It would take a bit of work up front, as you would have to re-work item lists so they’re regionally-based and have added columns for ‘supply’, ‘demand’. Each of these added columns would provide a modifier to the list value of the item in question.

  • Ordinary
  • Common
  • Average
  • Uncommon
  • Rare
  • Exceptional
  • Non-existent

  • Ordinary
  • None
  • Low
  • Average
  • High
  • Great

Determining the availability of a resource in a given area requires some thought. Consider the component elements of trade goods (wood, steel, iron, stone, textiles, etc) and how easy they might be to acquire in the area. For example, because rocks are plentiful and anyone can go out and find a cartload of them if they wanted to, their supply would be classified as ‘ordinary’ and their demand would be set as ‘none’. Probably not the best example since they have no value to modify out of the PHB, but you get the idea.

In an area where steel is unheard of, and supply is non-existent one might first be inclined to think it would be much more valuable than iron but you have to consider demand as well. If the locals think iron is just fine, and haven’t seen the virtues of steel for themselves then demand will either be ‘none’ or ‘low’ at best. Now, if you can convince a few key people in the region that steel is much stronger and lasts longer and requires less maintenance than iron, well you might see those prices being driven up.

Which leads me to the next part of barter-system development which is the social interaction component. A good barterer should be able to affect change in the value of an item by convincing the person they are bartering with. More on that later…

As far as coins go - any high value material could theoretically be made into coins. I'm fond of the historical Chinese examples, and think they could work well in a late viking-age setting myself. Below is a link to some historical information regarding viking coins.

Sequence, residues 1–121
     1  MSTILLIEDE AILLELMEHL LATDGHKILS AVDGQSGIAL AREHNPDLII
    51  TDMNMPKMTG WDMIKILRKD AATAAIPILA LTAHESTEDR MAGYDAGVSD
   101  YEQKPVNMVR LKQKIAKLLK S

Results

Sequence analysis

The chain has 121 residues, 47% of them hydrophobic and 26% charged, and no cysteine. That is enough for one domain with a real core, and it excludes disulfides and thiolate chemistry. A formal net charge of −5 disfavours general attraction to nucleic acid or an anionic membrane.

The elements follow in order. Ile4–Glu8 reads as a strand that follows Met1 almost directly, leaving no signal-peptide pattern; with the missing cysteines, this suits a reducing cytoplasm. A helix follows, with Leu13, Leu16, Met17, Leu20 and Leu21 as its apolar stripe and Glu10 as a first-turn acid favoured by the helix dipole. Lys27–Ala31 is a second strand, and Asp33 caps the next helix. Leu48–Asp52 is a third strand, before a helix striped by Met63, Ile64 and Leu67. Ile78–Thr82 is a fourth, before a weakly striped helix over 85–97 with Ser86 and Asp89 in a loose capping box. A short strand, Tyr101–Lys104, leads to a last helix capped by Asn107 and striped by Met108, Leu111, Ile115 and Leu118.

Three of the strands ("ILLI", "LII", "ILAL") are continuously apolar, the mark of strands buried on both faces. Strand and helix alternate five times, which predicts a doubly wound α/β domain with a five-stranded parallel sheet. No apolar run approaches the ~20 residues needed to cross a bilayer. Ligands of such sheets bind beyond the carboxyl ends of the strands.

A.) I don't know.
B.) Yes. Very.

This is some great information and the link you provided was super helpful! I think I'm beginning to see the pieces come together. I think the biggest problem is, most of the counties are self sustaining for almost everything of importance.

I think that I'd like the bartering to be done on a small scale. For example: one of the PCs has an extra chain shirt that he wants to barter for a shield and a helm. The price of the chain shirt is greater than the shield and helm, so he could either barter for more items or receive some money back for the difference.

Gotta run for right now!

EDIT: Though, I suppose that is trading. I could just use the prices available for the value? It would be less dynamic and thus less realistic.

OK, let's see... Keatland is the hub of all trade, politics, and economy. Most minted coins come from Keatland, even though they are technically mined by Velmark to the north (and each kingdom mints their own coins). So, perhaps we could establish the base price (or value) of items compared to Keatland.

For instance: A cloak costs 1 silver penny in Keatland. In Velmark it is still 1 silver penny, because of their distance and friendly relationship to Keatland. But in Haerland, that cloak might cost 2 silver pennies because of their lack of open pastures, meaning their lack of sheep for wool. Which means, they can't supplement the cost of cloak production on their own, so it costs them more.

I could have a chart that reads like this:

Keatland (Base)
Haerland etc...
1 sp
1 sp
2 sp

Not sure if it was mentioned, but the hack silver term made me think of actually cutting coins or trade bars into smaller parts. Perhaps you could use silver alone but divide it into half 'marks', and quarter 'marks', etc. Alternately, you could give the smaller partial coins colorful names rather than fractional ones.

Hack silver would be a piece of metal (usually silver) cut from any source on an ad hoc basis (frequently an arm ring, and with the nearest available axe judging from the archaeology ) Coinage would also be cut into sections- a half penny was originally literally half a penny, and the word 'farthing' for a quarter of an old penny is from the Old English "feorthing" meaning a quarter of something- and the prominence of long crosses on the reverse of English coins particularly may have been designed as a guide for the cutting. Incidentally, the Scandinavians didn't tend to mint many of their own coins- most of the coins in the area during the Viking Age were English- the coin was of such a high standard based on the purity of silver, that it was easier just to take the things than to try to duplicate them- by comparison, the Norman coin was of atrocious quality, with a very low silver content and thus of much lower value. [/history lesson]

Apologies for flooding you with information, its probably mostly not relevant, but I find it difficult not to share when I have information which may be of interest hope I could help a little at least.